Charges for simple possession of drugs are probably one of the most commonly charged drug offenses in New Jersey. However, despite the relative commonality of the charge, that does not mean that harsh and life-altering consequences are absent. In fact, aside from the formal consequences of drug possession charges, they may also make the individual ineligible for federal college loans and reduce employment prospects.
The nature of drug possession charges can be a bit unpredictable. Your charges may vary depending on what kind of drugs were allegedly involved. Drugs are generally grouped into Schedules numbered I through V. The most serious drugs fall under Schedule I and can carry extremely harsh punishments. Even small quantities of controlled substances can lead to severe repercussions.
If you are facing drug possession and other drug-related charges, do not face the criminal litigation process or its potential consequences alone. Our simple drug possession defense attorneys have more than 40 years of combined experience defending against a broad array range of drug crimes. The Atlantic City defense lawyers for drug possession charges of the Law Offices of John J. Zarych fight strategically and aggressively to protect your rights and defend against the charges you face.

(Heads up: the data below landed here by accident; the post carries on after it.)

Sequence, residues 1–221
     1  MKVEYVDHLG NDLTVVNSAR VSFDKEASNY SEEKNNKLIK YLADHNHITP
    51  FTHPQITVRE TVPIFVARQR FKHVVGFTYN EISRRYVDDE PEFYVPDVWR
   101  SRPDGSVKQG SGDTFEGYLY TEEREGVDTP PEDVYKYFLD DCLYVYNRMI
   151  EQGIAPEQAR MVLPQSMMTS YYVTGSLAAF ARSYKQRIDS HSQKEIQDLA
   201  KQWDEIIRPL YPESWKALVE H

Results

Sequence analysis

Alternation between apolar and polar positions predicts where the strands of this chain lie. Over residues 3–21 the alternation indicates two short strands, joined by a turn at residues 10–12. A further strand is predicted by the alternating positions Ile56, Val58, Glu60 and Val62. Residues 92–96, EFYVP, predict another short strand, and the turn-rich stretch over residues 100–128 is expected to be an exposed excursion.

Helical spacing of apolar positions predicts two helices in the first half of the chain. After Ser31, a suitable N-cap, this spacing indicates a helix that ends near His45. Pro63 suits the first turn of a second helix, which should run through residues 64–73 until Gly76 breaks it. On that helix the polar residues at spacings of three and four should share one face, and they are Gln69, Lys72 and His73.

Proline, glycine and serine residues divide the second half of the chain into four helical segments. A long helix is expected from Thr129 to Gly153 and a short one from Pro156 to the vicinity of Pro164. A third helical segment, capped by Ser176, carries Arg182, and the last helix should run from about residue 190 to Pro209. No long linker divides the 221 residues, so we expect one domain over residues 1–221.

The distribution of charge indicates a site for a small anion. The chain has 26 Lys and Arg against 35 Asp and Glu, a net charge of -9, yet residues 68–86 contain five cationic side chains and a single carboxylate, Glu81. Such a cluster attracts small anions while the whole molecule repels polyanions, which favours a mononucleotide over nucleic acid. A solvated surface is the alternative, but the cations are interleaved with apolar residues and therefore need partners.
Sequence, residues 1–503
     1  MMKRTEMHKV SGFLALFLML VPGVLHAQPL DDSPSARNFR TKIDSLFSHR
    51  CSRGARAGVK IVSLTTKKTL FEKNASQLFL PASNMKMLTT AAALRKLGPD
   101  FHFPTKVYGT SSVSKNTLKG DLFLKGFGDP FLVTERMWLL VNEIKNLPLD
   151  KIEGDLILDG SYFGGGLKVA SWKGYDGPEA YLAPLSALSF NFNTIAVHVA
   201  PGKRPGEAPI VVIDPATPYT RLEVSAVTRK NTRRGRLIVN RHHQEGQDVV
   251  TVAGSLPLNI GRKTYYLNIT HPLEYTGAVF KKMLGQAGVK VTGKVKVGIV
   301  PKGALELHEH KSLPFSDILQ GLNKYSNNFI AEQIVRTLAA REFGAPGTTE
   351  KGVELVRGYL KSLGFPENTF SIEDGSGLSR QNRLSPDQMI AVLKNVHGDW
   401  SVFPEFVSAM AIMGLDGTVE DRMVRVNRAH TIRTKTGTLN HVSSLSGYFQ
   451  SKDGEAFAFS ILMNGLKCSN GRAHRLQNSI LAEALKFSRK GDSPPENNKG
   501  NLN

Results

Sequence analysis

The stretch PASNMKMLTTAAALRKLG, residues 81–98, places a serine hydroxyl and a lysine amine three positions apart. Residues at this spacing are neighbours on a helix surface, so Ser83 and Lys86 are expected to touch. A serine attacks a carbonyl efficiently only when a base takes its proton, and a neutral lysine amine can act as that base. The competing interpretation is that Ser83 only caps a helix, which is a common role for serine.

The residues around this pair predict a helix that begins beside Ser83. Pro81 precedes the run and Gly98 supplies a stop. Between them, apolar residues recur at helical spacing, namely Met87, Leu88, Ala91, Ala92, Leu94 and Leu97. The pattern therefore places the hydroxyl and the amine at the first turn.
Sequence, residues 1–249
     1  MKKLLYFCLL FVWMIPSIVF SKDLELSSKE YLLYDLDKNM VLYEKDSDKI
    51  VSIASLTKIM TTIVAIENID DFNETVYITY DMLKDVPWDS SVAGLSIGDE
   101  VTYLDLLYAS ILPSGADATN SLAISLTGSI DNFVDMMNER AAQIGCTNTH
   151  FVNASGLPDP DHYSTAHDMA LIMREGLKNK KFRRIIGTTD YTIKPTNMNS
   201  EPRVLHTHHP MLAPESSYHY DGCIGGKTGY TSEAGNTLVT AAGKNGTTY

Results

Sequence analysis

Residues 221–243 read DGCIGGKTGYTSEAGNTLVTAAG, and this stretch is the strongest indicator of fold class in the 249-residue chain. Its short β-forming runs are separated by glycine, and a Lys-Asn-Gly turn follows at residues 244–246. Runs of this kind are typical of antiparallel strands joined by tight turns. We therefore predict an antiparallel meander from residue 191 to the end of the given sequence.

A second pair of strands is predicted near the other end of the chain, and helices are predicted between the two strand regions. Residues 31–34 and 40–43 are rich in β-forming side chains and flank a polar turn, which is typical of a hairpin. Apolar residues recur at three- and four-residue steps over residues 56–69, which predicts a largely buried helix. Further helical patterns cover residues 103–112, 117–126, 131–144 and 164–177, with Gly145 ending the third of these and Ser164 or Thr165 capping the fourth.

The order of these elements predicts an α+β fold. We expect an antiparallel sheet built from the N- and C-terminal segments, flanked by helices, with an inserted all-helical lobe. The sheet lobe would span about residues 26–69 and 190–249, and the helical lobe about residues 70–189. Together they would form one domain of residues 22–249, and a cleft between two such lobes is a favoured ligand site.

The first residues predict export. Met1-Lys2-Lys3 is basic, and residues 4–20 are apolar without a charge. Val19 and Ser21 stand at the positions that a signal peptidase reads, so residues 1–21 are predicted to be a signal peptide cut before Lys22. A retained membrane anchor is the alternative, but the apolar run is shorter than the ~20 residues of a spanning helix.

What Are the Consequences for Possession Of Drugs In New Jersey?
Possession of heroin, cocaine, crack cocaine, ecstasy, meth, or any other Controlled Dangerous Substance (CDS) is categorized as a crime handled in the Superior Court. The criminal statute N.J.S.A. § 2C:35-10 addresses the possession of other narcotics and controlled dangerous substances. In general, simple possession of most hard drugs can result in a three-to-five-year prison sentence. Charges can also be advanced against an individual possessing prescription drugs without a doctor’s authorization. In addition to potential prison time, a conviction of any drug crime can affect your ability to find work or obtain housing in the future. Some drug convictions can make it impossible to receive federal student loans if you are a college student.
As discussed above, drugs are classified under Schedules. There are five different Schedules, with Schedule I being the most severe and Schedule V being the least. Your charges and penalties for criminal possession may be greater if you allegedly possessed Schedule I controlled substances. Common Schedule I drugs include heroin, acid, mescaline, and peyote. Although marijuana has been legalized or decriminalized in some places, it is still a Schedule I drug in New Jersey. However, the issue of drug charges for marijuana is a very hot topic within the legal community, and the way the State of New Jersey handles marijuana-related drug cases may change. Our Atlantic City defense lawyers for drug possession charges can help you fight your charges and any other offenses you might be charged with.